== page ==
If the Lincoln of Still’s play shows a quick mind, he also betrays one reeling under the stress of outsized events. Lincoln has trouble sleeping, and his insomnia leads him down pathways that cross borders of place and time.
“In Lincoln’s apparitions, James (Still) has given us a really great convention,” says Grimm. “When you’re sleep deprived, it’s worse than being drunk, and so Lincoln’s fantasies all make perfect sense. People come into and out of his head based on his impulses. But we didn’t want a ‘Christmas Carol’-like Scrooge. These aren’t separate events, but interconnected things going on in his mind.
“When in one dream-state he meets (Confederate President) Jefferson Davis, Lincoln talks about how deeply he feels the loss of life in war. Davis doesn’t feel that at all. He believes the sacred cause transcends the toll of human life. If you’re a leader, it’s a liability to feel as much as Lincoln feels. He is Hamlet-like, and there’s a decisiveness in Davis that Lincoln envies.”
Lincoln looked for respite from the war even in fleeting moments, Grimm says. “He enjoyed his children. He was a hands-on dad when that wasn’t typical. There’s a scene where Lincoln is laughing with Tad when (Secretary of War) Stanton is being quite serious and reprimands Lincoln for his frivolity. Lincoln replies, ‘I laugh because otherwise I would weep.’ It’s his survival mechanism for getting from one day to the next.”
Just as Lincoln has his stress-induced visions, so does his wife Mary Todd (Linda Reiter), who is sometimes his confidante and counsellor, other times his supplicant. Anguished by the loss of their son Willie, Mary imagines that she sees the boy in his childish vigor. She feels isolated and clamors to see her husband.
“At one point, Lincoln says, ‘Tell her that I’m waging a war,’” notes Grimm. “But her own pain trumps even that. He feels such great empathy that she’s seeing Willie. We sometimes underestimate the human capacity for dealing with trauma and stress, to negotiate, navigate and stay sane. Lincoln gets painted in mythological proportions, but the character within him was profoundly human.”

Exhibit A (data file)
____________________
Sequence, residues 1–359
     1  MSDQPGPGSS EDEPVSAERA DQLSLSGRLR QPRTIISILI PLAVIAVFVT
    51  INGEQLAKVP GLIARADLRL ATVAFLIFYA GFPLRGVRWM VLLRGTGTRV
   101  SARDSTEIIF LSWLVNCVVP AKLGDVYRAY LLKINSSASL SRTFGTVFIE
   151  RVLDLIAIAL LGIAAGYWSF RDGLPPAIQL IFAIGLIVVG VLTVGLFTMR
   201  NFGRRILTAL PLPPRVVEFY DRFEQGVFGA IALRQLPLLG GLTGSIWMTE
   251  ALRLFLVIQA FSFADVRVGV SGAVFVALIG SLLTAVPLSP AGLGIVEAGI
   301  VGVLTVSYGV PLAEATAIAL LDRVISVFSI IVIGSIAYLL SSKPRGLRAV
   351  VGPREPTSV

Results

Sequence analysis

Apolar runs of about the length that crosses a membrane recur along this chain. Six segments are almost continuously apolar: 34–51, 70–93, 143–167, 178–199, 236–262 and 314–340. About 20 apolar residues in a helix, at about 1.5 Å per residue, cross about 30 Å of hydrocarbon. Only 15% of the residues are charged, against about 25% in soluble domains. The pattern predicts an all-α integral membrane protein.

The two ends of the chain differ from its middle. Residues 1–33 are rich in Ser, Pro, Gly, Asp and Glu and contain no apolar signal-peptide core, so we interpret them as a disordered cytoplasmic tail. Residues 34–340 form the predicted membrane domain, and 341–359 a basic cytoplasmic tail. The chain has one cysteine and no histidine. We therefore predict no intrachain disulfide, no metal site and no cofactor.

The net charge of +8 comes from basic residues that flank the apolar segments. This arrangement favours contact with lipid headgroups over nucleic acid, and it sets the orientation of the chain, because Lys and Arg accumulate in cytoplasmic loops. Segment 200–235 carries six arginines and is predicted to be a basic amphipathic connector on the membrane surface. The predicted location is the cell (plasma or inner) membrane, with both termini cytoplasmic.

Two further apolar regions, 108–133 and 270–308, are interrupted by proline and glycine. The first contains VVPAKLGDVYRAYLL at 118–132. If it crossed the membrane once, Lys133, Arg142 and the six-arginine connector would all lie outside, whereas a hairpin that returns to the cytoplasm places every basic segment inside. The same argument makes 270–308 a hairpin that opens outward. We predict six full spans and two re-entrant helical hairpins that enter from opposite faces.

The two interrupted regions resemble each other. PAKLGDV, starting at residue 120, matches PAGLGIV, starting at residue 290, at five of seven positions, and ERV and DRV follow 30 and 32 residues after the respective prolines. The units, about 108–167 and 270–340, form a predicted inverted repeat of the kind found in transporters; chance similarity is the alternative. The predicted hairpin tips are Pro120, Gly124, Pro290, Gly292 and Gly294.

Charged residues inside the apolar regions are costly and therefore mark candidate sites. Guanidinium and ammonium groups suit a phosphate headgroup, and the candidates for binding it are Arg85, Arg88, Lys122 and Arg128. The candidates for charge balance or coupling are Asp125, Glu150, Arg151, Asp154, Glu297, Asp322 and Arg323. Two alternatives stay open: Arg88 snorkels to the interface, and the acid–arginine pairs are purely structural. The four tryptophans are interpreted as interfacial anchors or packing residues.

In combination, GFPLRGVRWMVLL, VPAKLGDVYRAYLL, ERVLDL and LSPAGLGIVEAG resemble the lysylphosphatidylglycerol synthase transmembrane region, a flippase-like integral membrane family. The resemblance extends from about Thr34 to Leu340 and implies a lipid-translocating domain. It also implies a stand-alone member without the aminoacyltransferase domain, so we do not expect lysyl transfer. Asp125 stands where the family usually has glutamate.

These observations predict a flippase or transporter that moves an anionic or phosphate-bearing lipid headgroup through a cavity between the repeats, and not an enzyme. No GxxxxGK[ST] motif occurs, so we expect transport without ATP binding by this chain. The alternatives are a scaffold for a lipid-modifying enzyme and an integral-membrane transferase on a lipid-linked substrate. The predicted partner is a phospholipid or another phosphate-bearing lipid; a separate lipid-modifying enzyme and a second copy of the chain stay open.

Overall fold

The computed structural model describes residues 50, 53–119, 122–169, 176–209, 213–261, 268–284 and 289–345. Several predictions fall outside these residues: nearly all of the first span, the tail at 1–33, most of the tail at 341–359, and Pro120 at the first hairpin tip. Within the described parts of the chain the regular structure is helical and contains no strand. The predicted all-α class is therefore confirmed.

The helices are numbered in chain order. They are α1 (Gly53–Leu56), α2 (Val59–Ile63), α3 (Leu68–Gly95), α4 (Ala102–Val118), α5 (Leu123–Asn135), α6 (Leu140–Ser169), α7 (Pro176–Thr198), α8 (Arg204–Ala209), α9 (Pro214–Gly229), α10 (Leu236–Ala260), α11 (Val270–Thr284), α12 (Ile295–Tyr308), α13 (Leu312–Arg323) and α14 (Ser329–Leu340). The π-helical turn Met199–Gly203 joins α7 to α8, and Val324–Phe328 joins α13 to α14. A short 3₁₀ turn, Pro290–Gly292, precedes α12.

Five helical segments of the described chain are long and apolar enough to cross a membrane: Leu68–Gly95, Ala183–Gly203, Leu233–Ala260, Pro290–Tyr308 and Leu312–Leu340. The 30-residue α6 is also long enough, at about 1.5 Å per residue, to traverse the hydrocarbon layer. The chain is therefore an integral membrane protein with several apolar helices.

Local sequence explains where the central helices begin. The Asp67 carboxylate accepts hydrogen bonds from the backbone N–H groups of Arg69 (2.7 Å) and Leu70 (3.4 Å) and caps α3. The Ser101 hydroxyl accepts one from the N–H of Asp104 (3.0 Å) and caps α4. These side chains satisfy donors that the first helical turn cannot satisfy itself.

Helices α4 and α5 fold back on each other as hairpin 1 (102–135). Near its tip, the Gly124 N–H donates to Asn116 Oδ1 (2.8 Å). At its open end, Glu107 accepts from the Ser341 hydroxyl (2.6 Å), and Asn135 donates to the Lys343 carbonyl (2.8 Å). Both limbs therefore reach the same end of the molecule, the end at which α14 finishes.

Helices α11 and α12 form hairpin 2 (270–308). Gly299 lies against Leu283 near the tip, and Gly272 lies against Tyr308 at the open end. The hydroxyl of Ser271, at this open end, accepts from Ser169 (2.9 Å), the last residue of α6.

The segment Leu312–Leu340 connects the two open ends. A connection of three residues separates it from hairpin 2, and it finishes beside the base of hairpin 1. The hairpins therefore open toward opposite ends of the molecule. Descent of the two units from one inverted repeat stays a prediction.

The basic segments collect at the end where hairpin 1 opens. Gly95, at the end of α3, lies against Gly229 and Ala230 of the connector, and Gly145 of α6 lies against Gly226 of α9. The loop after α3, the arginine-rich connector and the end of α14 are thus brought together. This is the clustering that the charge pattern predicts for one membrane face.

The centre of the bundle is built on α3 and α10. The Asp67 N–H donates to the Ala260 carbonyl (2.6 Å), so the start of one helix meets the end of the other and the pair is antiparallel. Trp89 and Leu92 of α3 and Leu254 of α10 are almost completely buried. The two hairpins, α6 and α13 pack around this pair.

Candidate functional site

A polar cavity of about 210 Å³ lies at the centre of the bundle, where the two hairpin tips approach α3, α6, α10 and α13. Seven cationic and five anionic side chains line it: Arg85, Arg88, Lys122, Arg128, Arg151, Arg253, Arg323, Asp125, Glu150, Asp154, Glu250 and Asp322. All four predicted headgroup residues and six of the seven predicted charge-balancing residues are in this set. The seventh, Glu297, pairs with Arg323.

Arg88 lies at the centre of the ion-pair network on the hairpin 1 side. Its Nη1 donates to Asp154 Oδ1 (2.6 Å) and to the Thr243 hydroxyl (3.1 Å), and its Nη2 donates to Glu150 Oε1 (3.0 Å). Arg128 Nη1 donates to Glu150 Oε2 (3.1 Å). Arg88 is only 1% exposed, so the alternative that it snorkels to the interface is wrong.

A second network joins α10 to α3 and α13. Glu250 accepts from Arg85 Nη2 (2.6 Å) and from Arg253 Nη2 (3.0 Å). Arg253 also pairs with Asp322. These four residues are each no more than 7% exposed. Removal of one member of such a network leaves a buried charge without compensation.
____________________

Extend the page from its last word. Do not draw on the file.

Mary Todd likewise lived – indeed, still lives – in dual images, Grimm says: “One may think of her as fragile, but Linda brings out the strength in her – the woman who’s governing the governor. Mary Todd displays a level of insight that is heightened by Linda’s performance, which is wise and intelligent.”
In forging his closely inflected image of Lincoln at the center of calamity, Grimm was abetted by a director who brought more than theatrical savvy to the enterprise: Louis Contey is a lifelong Lincoln enthusiast who, as Grimm puts it, “has his own Lincoln library. When I asked him to suggest some books I might read, he sent me a two-page annotated list as a place to start. So there I was trying to play one of the greatest men in American history under the eye of an expert on the subject.
“But Lou was terrific. His appreciation, understanding and admiration for Lincoln is deeply personal. Yet he was completely flexible and open to every idea I had. He would just say, ‘This is what’s going on. Imagine what it would be like.’ Permission is sometimes the greatest gift you can get from a director. Lou built my confidence. He could not have known how intimidated I was.”
- Review of ‘The Heavens Are Hung in Black’: Read it at Chicago On the Aisle